Being a low-cost provider or non-innovative, complacent marketer means that brand strategies got little emphasis, and the pricing and old-style retailing approaches they followed required little investment. Let’s be honest. Cutting costs does not require much imagination. In addition, without due attention being paid to the overall experience, especially the emotional components, it does not produce much loyalty (customer or staff), strategic differentiation, or profitability.

In a 1980 Harvard Business Review article by William Hull (written, parenthetically, about the same time Simon wrote “One-Trick Pony”), he reported study results comparing companies that competed on differentiated customer value versus companies that competed principally on cost. On any important measure – return on equity, return on capital, and annual revenue growth – companies delivering high customer-perceived value beat the price competitors every time.

Customers can almost always locate cheaper products or services. Today, they have many methods, including showrooming, for doing that. Ultimately, they will invest a greater share of their purchase dollars with suppliers who deliver superior value. Competing on price, or any other single dimension, may pull away customers from other suppliers in the short run, but it will be difficult to keep them for long. Price is rarely a sufficient ‘barrier to exit’, and is more often an invitation to churn.

The same thing often holds true for incentive programs. Many consumers participate in programs like supermarket bonus clubs and airline frequent flyer programs, but they often aren’t particularly engaging or effective at producing greater loyalty for any one airline, hotel, or supermarket chain; and, in the supermarket industry, we’ve seen something of a trend toward their elimination (in favor of lower prices).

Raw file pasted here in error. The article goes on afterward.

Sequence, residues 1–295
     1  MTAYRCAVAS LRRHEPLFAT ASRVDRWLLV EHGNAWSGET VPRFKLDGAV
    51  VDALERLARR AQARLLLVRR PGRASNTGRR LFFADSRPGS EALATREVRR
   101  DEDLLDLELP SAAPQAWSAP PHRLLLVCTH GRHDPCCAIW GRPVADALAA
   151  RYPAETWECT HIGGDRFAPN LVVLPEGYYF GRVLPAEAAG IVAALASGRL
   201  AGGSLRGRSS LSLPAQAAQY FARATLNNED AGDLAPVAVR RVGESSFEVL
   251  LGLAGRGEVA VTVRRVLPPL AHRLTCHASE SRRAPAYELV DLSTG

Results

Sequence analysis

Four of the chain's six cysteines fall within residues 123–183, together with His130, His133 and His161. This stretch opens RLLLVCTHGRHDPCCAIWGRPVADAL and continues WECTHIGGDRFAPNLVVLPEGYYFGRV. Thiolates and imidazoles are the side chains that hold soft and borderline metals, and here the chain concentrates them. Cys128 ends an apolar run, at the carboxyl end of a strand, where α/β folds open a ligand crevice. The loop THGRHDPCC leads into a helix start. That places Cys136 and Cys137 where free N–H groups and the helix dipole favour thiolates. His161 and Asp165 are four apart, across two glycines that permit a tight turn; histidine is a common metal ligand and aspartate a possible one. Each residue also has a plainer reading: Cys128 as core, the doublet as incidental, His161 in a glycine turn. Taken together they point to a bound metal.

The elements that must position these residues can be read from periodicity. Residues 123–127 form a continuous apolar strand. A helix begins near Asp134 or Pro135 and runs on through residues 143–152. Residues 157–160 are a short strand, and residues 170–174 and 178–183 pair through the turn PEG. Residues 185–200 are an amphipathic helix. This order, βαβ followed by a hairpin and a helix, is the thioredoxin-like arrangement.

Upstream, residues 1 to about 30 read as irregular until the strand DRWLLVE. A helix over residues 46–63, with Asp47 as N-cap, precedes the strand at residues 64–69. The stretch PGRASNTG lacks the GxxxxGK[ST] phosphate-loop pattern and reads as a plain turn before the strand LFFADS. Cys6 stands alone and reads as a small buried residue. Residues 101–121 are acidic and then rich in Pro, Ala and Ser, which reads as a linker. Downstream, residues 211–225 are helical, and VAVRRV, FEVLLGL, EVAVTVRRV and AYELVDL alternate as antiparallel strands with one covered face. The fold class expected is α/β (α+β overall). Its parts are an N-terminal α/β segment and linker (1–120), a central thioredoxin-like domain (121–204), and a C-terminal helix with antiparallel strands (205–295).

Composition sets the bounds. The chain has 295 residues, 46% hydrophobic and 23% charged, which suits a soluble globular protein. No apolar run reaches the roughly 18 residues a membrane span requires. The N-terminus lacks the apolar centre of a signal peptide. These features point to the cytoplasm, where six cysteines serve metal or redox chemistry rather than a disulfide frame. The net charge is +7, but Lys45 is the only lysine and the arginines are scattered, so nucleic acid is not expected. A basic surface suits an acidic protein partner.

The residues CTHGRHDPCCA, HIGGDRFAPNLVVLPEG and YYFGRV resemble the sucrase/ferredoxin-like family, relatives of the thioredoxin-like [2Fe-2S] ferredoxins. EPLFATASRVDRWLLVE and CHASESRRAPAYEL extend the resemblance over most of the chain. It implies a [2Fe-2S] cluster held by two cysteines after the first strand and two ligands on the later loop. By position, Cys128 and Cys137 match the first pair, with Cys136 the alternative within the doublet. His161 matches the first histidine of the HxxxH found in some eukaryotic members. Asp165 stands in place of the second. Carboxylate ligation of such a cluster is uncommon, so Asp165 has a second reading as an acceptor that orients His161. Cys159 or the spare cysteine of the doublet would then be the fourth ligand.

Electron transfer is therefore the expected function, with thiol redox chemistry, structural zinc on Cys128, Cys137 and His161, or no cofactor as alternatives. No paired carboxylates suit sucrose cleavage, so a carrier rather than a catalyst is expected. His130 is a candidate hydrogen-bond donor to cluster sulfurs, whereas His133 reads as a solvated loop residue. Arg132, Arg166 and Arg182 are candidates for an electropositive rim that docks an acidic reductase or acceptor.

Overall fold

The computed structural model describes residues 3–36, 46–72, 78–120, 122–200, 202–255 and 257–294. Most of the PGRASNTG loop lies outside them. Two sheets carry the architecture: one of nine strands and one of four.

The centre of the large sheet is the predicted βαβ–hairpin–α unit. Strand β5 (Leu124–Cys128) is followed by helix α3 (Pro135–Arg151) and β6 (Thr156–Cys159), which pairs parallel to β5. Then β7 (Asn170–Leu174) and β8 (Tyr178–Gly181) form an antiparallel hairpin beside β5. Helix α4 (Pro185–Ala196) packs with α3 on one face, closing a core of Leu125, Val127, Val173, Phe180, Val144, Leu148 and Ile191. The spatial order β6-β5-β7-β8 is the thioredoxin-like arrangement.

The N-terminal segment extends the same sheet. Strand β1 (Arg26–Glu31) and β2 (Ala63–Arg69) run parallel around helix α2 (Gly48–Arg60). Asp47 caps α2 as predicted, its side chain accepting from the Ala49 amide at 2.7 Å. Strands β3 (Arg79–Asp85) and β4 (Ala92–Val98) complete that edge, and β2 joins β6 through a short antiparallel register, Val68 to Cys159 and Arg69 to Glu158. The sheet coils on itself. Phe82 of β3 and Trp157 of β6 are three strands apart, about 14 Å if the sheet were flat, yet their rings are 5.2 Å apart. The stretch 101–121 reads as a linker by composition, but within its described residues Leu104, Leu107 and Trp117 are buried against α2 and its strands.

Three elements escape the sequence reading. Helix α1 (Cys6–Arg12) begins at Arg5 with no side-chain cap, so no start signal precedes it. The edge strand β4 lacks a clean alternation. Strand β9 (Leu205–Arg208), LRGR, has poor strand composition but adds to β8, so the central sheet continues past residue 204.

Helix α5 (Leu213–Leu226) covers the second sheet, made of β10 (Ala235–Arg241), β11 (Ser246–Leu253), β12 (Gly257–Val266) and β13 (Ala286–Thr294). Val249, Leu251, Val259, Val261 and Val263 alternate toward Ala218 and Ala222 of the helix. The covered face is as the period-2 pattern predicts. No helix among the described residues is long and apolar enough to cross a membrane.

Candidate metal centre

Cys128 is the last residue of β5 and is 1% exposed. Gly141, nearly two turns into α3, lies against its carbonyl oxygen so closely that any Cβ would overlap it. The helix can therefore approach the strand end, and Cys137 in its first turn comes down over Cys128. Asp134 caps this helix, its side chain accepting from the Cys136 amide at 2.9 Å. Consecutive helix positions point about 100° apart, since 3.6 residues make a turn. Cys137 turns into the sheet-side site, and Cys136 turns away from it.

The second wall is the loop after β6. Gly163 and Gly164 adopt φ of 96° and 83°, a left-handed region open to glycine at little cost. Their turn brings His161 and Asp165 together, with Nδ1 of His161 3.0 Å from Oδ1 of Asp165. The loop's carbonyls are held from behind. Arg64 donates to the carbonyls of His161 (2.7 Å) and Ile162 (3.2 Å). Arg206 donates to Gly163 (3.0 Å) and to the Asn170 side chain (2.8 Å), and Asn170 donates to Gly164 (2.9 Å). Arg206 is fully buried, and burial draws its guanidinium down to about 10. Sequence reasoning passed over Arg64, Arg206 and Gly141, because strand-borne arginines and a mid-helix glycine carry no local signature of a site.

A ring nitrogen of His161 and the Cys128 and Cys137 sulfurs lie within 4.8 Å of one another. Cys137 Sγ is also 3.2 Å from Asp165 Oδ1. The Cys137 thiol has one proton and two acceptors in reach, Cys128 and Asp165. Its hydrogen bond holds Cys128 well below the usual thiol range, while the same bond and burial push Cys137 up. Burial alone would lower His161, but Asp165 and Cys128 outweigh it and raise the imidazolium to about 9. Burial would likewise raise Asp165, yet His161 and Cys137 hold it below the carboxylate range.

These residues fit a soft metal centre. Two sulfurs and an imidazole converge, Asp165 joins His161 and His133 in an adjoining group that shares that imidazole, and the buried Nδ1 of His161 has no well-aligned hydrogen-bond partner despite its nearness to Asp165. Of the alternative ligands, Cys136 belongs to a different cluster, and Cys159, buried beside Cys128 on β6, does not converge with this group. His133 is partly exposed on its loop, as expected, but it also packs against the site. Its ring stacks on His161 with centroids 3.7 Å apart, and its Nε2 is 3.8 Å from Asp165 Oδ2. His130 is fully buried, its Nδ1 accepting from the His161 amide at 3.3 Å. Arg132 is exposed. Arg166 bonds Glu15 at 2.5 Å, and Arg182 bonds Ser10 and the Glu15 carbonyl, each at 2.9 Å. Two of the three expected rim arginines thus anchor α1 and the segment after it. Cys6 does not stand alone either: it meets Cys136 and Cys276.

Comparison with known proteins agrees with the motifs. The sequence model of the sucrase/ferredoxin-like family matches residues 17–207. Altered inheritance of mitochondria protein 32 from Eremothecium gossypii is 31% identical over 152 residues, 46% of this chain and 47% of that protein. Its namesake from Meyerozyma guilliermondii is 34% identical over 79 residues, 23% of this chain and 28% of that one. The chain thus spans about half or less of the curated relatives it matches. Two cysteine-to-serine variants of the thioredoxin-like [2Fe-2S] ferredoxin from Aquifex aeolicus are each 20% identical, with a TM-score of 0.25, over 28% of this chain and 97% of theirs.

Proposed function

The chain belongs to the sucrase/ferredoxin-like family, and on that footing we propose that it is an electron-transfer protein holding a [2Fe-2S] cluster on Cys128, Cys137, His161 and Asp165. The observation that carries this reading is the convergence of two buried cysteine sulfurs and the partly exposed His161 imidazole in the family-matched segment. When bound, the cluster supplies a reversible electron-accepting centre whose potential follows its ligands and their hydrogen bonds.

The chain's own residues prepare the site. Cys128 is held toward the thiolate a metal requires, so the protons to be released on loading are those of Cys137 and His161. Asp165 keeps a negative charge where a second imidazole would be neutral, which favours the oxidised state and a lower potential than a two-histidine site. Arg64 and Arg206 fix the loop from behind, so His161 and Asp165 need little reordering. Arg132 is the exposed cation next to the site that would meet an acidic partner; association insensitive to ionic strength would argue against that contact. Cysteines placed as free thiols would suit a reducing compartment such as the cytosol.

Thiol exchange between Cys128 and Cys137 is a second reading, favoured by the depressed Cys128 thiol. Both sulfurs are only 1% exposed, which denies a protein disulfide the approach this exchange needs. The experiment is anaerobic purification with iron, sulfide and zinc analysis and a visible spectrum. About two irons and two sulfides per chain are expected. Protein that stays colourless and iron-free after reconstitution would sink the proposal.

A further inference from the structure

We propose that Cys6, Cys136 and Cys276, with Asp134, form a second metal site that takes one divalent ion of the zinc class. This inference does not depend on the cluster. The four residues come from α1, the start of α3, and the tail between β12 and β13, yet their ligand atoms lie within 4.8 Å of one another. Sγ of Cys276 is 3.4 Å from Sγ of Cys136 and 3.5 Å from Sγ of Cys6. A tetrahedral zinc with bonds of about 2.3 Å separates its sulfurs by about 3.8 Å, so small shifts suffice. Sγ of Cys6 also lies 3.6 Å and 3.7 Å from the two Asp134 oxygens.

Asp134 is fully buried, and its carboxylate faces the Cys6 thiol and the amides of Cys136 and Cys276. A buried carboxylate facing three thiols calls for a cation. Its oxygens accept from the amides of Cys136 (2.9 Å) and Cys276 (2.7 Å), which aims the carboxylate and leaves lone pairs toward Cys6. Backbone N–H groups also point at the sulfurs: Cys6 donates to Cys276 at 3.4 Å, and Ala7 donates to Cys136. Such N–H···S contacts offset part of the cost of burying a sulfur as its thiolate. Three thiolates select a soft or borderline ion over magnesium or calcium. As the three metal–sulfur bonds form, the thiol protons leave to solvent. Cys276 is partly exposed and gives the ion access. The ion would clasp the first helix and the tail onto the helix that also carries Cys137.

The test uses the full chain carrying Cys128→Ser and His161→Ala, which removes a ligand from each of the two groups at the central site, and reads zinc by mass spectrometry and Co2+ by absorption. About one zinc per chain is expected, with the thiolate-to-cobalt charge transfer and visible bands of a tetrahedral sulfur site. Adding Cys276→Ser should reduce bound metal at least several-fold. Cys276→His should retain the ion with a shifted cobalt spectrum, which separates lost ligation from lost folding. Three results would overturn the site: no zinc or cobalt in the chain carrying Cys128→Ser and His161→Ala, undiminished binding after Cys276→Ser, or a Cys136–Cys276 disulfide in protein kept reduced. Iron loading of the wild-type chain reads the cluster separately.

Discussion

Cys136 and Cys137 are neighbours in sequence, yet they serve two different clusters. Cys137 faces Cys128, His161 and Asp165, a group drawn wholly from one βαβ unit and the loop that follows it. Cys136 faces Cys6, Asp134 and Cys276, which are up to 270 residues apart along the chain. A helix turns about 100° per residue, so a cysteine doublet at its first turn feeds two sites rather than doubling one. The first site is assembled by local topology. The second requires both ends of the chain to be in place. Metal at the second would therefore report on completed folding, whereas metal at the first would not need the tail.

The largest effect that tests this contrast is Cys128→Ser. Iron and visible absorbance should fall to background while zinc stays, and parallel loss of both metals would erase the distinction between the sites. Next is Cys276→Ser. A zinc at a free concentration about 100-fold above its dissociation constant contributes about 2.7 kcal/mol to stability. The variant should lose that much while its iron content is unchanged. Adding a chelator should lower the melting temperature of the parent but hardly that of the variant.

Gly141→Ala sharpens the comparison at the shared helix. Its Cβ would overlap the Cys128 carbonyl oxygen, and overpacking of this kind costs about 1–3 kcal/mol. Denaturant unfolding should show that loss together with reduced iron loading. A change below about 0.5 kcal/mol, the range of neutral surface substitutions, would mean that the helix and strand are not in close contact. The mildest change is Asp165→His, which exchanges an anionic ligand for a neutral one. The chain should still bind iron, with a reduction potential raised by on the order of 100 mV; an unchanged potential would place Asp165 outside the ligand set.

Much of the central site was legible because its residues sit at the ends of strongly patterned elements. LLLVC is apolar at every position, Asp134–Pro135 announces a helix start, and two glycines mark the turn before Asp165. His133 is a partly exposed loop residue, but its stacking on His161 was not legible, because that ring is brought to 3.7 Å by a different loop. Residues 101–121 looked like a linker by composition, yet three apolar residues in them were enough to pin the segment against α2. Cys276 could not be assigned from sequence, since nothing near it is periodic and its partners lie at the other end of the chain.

Customers are often members of several programs, and the most active users tend to be those who would have been frequent purchasers anyway. The incentive and reward structure benefits the already loyal rather than increasing loyalty. Gift programs, travel, dining, entertainment, merchandise, and cash award programs, and other plateau and pre-selected response stimulus programs are having an increasingly difficult time breaking through the clutter to provide unique, differentiated customer value. This does not make me anti-program, per se, but it does suggest that these programs require greater thought and effort in creating personalized benefit for participants.

So, as Seeger and Simon might agree, the best approach may be that of ‘back to basics’ experiential and emotional value for current customers, and less of a focus on customer acquisition and, once on board, benignly commoditizing the offerings in the belief that these customers will be retained.

Michael Lowenstein, PhD CMC
Michael Lowenstein, PhD CMC, specializes in customer and employee experience research/strategy consulting, and brand, customer, and employee commitment and advocacy behavior research, consulting, and training. He has authored seven stakeholder-centric strategy books and 400+ articles, white papers and blogs. In 2018, he was named to CustomerThink's Hall of Fame.